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I have been wanting to subscribe to a farm share or community supported agriculture (CSA) for a long time, but this year we finally did it! It was a great experience, and we’ll sign up again. But if you’re planning to join one, here are a few things I learned from my first farm share season to help you out.

Keeping an Organized Vegetable Drawer

After losing an eggplant and a bunch of beets because we just forgot about them, I knew it was time to get into gear and start organizing our produce system. I decided on two different techniques to implement in the second half of the season. We’ve had much less loss since we started these.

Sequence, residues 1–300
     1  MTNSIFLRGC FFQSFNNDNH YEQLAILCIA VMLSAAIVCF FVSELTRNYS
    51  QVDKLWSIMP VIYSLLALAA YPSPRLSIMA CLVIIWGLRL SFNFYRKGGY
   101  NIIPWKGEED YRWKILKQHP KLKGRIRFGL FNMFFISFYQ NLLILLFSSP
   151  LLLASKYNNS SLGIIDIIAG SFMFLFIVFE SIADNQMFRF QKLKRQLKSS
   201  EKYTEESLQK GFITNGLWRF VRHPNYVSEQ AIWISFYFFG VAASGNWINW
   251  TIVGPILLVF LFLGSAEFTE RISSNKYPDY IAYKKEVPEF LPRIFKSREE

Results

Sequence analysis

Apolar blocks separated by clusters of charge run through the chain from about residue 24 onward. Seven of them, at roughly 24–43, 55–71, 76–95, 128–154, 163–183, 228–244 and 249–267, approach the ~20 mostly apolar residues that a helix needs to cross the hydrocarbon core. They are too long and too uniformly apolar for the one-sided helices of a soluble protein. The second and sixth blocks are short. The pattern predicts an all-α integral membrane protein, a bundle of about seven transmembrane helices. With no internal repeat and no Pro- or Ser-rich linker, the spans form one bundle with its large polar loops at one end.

First, I keep a list on my computer of everything fresh we have in the fridge, organized by how old it is. I include notes on how quickly items need to be used, and quantities. I also used this document to add meal ideas, and note which items a meal would use up.

Second, we utilized our fridge space. No one could ever accuse my fridge of being organized, but the produce drawer is a place where I make an effort. I put older items toward the front and newer in the back. For snacking fruits, those are easily accessible to quickly grab. Heartier vegetables I place off to the sides to grab when cooking. Our four-door fridge definitely helps keep everything easy to find.

Meal Planning With a Farm Share

We get our farm share deliveries on Tuesdays, but we tend to shop on the weekend. Sometimes we’d have a great estimated pack list before our weekly grocery trip, but other times, we needed to learn to be flexible.